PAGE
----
I’ve been running into educators in my building who seem scared of trying new technology recently. We’ve got a set of iPads that are just starting to be used, my school district is pushing for the use of Google Drive (finally!), and I have confirmation that our tech department will no longer be buying desktops. As my school gets renovated over the next year and a half, we will be transforming our space into what I can only hope will be a school of the future.

But I have a few educators who are not afraid to react to technology like these with wide eyes and the word “no,” as well as others who become extremely frustrated at the drop of a dime.

I truly believe these educators can move forward, but how do I help them be willing to try so that they can?

My mantra about technology is BE FEARLESS! and I try to remind them of that every time we work on something by both saying it out loud and being it myself. If there’s something I don’t know, I will show them how I try to figure things out so that I learn it.

I had one awesome moment recently where one teacher figured out how to comment on a Google document all on her own just by messing around. She was one of the “no” teachers to begin with.

But for the most part, I feel like I’m not getting anywhere. We do have a new tech facilitator in our building for eight hours a week, so maybe that will translate into helping. But I feel like our default is to just offer professional development on things, and I’m not sure that taking up more of teachers’ time is a solution. Actually, in some cases, I’m sure that just adds to their frustration.

I don’t want these good educators to be unable to evolve and adapt! What else can I be doing or trying?



$9.17 an hour

This article from April 30, 2011 speaks to me on so many levels. It is titled “The High Cost of Low Teacher Salaries.”

First, the authors make an excellent point about blaming teachers for failing schools using a really good metaphor.

Then they hit you with numbers I am familiar with, but I know some members of society aren’t. “Teachers make 14 percent less than professionals in other occupations that require similar levels of education…The average starting salary is $39,000; the average ending salary — after 25 years in the profession — is $67,000.”

As I’ve started this school year, at a new school for me and one that is in the beginning stages of a huge transition, I can’t help but notice the amount of work the teachers around me are doing. It’s staggering. Absolutely, utterly staggering.

Once, when I was still a classroom teacher and not a librarian, I kept a spreadsheet of how much I worked for one month, what time I got to school, what time I left school, hours spent in actual teaching, hours spent in planning, how much of my planning time was taken away from me, hours spent grading at home… I kept track of everything I could think of. That spreadsheet turned out to be terrifying.

And, in the end, I only made $9.17 an hour that month.

That’s about the same as what I made when I worked part-time at a tanning salon after school my first three years of teaching.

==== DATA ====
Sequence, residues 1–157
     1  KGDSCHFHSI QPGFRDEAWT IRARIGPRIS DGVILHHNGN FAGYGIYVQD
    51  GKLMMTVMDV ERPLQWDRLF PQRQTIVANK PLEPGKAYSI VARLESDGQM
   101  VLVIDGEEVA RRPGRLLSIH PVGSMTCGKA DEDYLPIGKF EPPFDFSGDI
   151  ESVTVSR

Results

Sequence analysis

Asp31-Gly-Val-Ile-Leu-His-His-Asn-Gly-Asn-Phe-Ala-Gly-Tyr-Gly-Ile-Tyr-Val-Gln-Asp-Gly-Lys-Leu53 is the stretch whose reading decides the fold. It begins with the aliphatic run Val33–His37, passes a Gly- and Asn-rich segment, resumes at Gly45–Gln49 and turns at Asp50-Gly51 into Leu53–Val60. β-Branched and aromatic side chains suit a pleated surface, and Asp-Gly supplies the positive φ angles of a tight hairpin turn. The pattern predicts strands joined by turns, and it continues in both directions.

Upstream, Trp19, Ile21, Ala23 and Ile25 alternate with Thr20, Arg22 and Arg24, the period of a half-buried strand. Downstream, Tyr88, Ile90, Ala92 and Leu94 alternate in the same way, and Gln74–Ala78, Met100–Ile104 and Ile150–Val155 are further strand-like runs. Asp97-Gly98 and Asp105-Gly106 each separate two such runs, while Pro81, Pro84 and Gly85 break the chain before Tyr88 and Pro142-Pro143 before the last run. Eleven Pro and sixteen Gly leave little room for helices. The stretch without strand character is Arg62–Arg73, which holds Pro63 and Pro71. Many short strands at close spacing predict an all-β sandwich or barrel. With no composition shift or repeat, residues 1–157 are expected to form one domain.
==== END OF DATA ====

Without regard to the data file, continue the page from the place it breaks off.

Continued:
Please. Support public education. Our future depends on it.

Start of the School Year


Remember how excited I was before the school year started? Well, I am equally exhausted right now, one week and one day into the school year.

Let’s analyze for a minute. I was really excited about the year for a number of reasons. I hadn’t worked in a school, for real, on a full-time basis, in 2.5 years, and I really missed it. I also hadn’t worked in a collaborative environment in 2.5 years; I had been sitting in an office, doing a lot of staring at a computer screen. I’m an extrovert, truly and thoroughly; I need other people to do just about anything. I was also bored because, truth be told, I hadn’t actually done much of anything that involved being a real adult with many important things to do since probably mid-April. My brain actually desired and needed something to work on. And, because of my awesome MSLS program, I had gotten really, really excited about being a librarian in a school setting.

Now I’m also exhausted. I’m exhausted because I came into a program that hadn’t had a media specialist in a couple of years. There were no policies and procedures for the Media Center; there was no collection development policy. There was STUFF. EVERYWHERE. Things were not set up or connected. In fact, I discovered two more major things in the last two days that are still not ready to be used to students that I had assumed were ready to go because, well, why aren’t they ready to go exactly? Add to the challenges of coming into this program that I am in a school system I haven’t worked in before as a new hire and therefore have a bunch of paperwork things to accomplish and the not-so-small matter of having to be on campus by 6:45 am…

This girl is tired.

But. And I put a period there because there is a big, silver lining here. But I am both excited and exhausted. Really good things are happening at the school, in my program, and I’m creating a lot of opportunities and facing down a lot of challenges. I’m still so excited about the whole dang thing! It makes me so happy!